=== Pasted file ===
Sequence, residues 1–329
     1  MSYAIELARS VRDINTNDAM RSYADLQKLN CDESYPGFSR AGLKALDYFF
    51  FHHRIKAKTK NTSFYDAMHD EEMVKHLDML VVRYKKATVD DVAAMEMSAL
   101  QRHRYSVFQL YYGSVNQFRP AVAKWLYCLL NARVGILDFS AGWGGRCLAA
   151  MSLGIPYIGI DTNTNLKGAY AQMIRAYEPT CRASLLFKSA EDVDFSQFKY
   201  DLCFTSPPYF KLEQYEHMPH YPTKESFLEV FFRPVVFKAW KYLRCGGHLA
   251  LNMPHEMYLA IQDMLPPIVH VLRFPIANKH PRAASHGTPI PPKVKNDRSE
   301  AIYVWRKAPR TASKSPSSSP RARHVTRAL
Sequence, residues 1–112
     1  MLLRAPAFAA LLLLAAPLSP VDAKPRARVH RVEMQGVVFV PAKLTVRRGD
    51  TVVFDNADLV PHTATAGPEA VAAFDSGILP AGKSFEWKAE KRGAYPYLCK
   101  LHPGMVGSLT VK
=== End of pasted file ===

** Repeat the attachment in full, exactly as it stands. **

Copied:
Sequence, residues 1–329
     1  MSYAIELARS VRDINTNDAM RSYADLQKLN CDESYPGFSR AGLKALDYFF
    51  FHHRIKAKTK NTSFYDAMHD EEMVKHLDML VVRYKKATVD DVAAMEMSAL
   101  QRHRYSVFQL YYGSVNQFRP AVAKWLYCLL NARVGILDFS AGWGGRCLAA
   151  MSLGIPYIGI DTNTNLKGAY AQMIRAYEPT CRASLLFKSA EDVDFSQFKY
   201  DLCFTSPPYF KLEQYEHMPH YPTKESFLEV FFRPVVFKAW KYLRCGGHLA
   251  LNMPHEMYLA IQDMLPPIVH VLRFPIANKH PRAASHGTPI PPKVKNDRSE
   301  AIYVWRKAPR TASKSPSSSP RARHVTRAL
Sequence, residues 1–112
     1  MLLRAPAFAA LLLLAAPLSP VDAKPRARVH RVEMQGVVFV PAKLTVRRGD
    51  TVVFDNADLV PHTATAGPEA VAAFDSGILP AGKSFEWKAE KRGAYPYLCK
   101  LHPGMVGSLT VK